Designing Wealth: The Missing Piece in the Sustainability Puzzle Designing Wealth: The Missing Piece in the Sustainability Puzzle
Education and Technology:
Microsoft Learning Tools is software that helps improve reading skills by reducing visual crowding, highlighting words, and reading text aloud, so students can engage with words in a whole new way.Learn more
- Most Read
Why Notre Dame Students Walked Out During Mike Pence’s Commencement Speechby Raleigh Van Ness
Bill Gates Pens An Essay For the Class Of 2017by Tod Perry
The ACLU Recently Issued This Travel Advisory For Anyone Preparing To Visit Texasby Penn Collins
Billy Bush Is Back—And, Wow, Is He Woke?
Texas Passes Bill To Prevent Non-Christians From Adopting Kidsby Kate Ryan
Mother Responds To Principal Who Sent Her Daughter Home For Wearing Shortsby Tod Perry
A Mom's Side-By-Side Photos Reveal The 'Flip Side' Of Postpartum Depressionby Penn Collins
Women On Twitter Share The Most Obvious Concepts That Have Been ‘Mansplained’ To Themby Penn Collins
Why Sean Spicer's Face Is Showing Up In Bushes Around The Worldby Kate Ryan
Designing Wealth: The Missing Piece in the Sustainability Puzzle
by Howard Brown
The primary solutions typically offered have to do with recycling, recirculating, and reusing resources, using renewable resources, and becoming more efficient at using resources. The reality is that no matter how good we get at recycling and waste management, and no matter how efficient we become, the more resources we use, the more we lose as waste and pollution. Each time we recirculate resources, we lose some of them. Becoming more efficient doesn’t fundamentally change the relationship between resources and wealth creation. Wealth expansion has to accelerate at a rate much faster than increases in the rate of recycling or gains in efficiency. In other words, we must do much, much more with much, much less.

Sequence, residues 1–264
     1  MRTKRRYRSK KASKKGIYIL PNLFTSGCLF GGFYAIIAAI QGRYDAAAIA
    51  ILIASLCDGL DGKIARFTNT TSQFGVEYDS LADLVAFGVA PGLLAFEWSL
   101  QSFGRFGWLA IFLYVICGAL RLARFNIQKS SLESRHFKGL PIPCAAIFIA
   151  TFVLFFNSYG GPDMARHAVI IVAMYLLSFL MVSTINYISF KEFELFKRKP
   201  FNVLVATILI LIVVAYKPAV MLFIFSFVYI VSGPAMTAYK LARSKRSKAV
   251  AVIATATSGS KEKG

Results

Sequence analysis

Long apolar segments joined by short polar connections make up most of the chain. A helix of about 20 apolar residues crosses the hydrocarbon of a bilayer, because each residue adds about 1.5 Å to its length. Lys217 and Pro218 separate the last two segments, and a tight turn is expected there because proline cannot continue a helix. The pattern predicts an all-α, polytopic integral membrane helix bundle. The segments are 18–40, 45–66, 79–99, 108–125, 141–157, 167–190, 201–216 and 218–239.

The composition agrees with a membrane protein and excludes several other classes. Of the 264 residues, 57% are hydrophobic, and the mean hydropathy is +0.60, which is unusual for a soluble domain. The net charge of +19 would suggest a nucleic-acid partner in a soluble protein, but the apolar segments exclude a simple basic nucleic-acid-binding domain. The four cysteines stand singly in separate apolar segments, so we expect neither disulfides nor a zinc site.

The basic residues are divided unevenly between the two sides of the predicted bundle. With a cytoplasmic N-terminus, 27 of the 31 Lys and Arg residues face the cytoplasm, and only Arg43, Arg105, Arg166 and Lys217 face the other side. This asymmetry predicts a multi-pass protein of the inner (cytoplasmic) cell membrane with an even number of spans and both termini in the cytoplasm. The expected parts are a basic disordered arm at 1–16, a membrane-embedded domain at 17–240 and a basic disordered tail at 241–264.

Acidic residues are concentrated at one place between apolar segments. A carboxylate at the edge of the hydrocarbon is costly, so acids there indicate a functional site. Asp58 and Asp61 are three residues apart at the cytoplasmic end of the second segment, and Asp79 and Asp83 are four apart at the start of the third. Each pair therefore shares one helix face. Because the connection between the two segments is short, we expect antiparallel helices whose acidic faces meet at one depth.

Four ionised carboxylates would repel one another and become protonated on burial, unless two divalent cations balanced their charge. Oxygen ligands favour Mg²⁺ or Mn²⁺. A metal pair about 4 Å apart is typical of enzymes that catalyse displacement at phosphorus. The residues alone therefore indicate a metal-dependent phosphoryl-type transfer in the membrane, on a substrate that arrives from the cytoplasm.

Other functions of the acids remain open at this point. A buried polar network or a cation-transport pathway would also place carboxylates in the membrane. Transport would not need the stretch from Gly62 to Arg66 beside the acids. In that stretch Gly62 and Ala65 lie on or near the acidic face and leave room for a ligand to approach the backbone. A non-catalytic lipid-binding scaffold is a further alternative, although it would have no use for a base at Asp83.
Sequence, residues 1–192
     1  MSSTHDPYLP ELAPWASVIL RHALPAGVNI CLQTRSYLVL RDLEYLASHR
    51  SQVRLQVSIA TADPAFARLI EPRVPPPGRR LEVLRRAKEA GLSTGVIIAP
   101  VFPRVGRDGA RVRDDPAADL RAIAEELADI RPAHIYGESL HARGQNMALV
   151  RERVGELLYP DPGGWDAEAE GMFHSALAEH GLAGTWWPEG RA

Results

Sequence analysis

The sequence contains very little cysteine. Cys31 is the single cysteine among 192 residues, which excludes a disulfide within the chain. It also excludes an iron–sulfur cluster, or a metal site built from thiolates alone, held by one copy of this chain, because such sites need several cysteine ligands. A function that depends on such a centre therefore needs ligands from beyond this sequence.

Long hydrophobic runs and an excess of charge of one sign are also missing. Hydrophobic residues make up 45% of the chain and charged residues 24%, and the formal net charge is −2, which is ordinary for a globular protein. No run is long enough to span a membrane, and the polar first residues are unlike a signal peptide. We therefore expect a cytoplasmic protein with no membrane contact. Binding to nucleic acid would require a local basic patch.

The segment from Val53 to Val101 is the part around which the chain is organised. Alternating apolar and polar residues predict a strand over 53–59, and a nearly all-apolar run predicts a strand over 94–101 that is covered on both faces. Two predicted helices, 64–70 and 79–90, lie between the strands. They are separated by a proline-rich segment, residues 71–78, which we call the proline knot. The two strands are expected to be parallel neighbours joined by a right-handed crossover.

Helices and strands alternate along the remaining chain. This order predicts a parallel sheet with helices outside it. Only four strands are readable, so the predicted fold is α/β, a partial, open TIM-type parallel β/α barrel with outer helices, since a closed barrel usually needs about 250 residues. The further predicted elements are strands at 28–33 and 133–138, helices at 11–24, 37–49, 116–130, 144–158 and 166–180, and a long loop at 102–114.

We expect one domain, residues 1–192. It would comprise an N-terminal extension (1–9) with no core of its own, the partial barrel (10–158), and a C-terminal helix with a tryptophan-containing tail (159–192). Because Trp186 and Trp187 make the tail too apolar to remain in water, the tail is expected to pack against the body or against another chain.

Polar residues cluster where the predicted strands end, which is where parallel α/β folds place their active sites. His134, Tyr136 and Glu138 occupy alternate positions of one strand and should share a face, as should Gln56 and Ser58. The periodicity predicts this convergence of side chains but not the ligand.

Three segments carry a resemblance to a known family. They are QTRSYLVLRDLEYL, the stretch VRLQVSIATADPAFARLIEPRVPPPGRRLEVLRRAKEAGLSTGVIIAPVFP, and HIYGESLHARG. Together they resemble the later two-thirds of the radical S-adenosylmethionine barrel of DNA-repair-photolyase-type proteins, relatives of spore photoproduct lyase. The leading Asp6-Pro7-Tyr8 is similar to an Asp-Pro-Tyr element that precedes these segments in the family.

Here’s the gigantic missing piece of the sustainability puzzle: wealth production isn’t really dependent on how much more resource mass we mine, but on how much more wealth we can mine from the available resource mass. Wealth is security, freedom, options, and opportunity. Wealth is weightless and invisible.
Today, most of the products we make and depend on every day are actually mostly waste. Think about toothpaste for a moment. Why do people need it? The ultimate benefit of toothpaste is oral hygiene, or healthy teeth. What if you could eliminate the fillers, packaging, and all of the other resources associated with manufacturing, delivering, retailing, and storing toothpaste? There are scientists working today on a semi-permanent biofilm that will prevent tooth decay. Others are working on an enzyme that keeps teeth healthy. There are countless products that are material whose benefits could be delivered in an entirely different, weightless or nearly weightless way—vaccinations with dissolving needles, packaging that’s integrated into products, bacteria-safe surfaces without chemicals.
How can we get the most wealth with the least amount of resources, even without many of the physical products we associate with wealth? Through smart, intentional design focused on reducing resource mass and delivering more value.
We need to design for naked value—for the benefits that people seek, stripped of as many of the resources used to make and deliver products and services as possible. When we recycle resources, we need to reinvest them to produce much more wealth. When we redesign products and services, we need to design to harvest more benefits—more oral hygiene, more health, more safety—from each ton of resources used. This is how we will succeed in producing much more wealth with a fraction of the resources per capita currently needed.
Howard Brown, co-founder of dMASS.net, will speak at Compostmodern 13 on March 22 in San Francisco. Compostmodern explores how design can improve society and the environment.